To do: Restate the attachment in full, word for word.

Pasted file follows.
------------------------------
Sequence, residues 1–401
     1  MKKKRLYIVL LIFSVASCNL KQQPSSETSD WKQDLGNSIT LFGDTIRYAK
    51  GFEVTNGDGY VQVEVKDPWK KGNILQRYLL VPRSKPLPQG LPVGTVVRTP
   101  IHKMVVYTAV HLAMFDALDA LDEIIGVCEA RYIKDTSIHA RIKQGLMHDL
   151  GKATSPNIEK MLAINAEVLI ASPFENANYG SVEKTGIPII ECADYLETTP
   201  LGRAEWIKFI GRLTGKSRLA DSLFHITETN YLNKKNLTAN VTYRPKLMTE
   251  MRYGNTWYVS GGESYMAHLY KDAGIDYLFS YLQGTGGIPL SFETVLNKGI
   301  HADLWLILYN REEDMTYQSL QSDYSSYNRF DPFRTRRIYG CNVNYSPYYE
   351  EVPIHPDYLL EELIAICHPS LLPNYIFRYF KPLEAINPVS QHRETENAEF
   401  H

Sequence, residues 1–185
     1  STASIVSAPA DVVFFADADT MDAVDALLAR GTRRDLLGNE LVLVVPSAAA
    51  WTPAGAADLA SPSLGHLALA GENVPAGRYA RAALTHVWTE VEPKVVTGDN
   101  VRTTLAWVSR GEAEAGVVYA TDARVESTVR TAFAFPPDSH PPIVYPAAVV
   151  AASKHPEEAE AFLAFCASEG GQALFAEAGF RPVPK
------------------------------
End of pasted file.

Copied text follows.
Sequence, residues 1–401
     1  MKKKRLYIVL LIFSVASCNL KQQPSSETSD WKQDLGNSIT LFGDTIRYAK
    51  GFEVTNGDGY VQVEVKDPWK KGNILQRYLL VPRSKPLPQG LPVGTVVRTP
   101  IHKMVVYTAV HLAMFDALDA LDEIIGVCEA RYIKDTSIHA RIKQGLMHDL
   151  GKATSPNIEK MLAINAEVLI ASPFENANYG SVEKTGIPII ECADYLETTP
   201  LGRAEWIKFI GRLTGKSRLA DSLFHITETN YLNKKNLTAN VTYRPKLMTE
   251  MRYGNTWYVS GGESYMAHLY KDAGIDYLFS YLQGTGGIPL SFETVLNKGI
   301  HADLWLILYN REEDMTYQSL QSDYSSYNRF DPFRTRRIYG CNVNYSPYYE
   351  EVPIHPDYLL EELIAICHPS LLPNYIFRYF KPLEAINPVS QHRETENAEF
   401  H

Sequence, residues 1–185
     1  STASIVSAPA DVVFFADADT MDAVDALLAR GTRRDLLGNE LVLVVPSAAA
    51  WTPAGAADLA SPSLGHLALA GENVPAGRYA RAALTHVWTE VEPKVVTGDN
   101  VRTTLAWVSR GEAEAGVVYA TDARVESTVR TAFAFPPDSH PPIVYPAAVV
   151  AASKHPEEAE AFLAFCASEG GQALFAEAGF RPVPK